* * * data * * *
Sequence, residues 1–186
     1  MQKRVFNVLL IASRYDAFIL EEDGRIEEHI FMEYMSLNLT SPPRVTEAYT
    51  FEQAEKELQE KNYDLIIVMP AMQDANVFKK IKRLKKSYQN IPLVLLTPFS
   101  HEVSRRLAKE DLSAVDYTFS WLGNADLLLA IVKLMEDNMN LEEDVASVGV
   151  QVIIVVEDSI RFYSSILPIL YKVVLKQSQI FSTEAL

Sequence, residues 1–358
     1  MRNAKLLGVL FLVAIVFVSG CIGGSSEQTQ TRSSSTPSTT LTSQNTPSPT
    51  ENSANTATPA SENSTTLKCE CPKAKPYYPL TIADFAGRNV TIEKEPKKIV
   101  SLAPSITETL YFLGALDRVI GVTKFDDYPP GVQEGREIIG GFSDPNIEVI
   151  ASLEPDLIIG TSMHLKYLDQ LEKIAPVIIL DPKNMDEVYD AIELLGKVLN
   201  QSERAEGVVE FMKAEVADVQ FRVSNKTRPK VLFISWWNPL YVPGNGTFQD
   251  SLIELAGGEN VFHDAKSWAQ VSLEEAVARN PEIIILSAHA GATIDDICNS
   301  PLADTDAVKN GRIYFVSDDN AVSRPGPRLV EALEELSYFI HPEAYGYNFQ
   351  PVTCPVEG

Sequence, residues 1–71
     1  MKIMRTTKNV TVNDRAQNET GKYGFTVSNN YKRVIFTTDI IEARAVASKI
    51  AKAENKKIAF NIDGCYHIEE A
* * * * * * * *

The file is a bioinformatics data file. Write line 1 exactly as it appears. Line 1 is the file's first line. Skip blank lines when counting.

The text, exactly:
Sequence, residues 1–186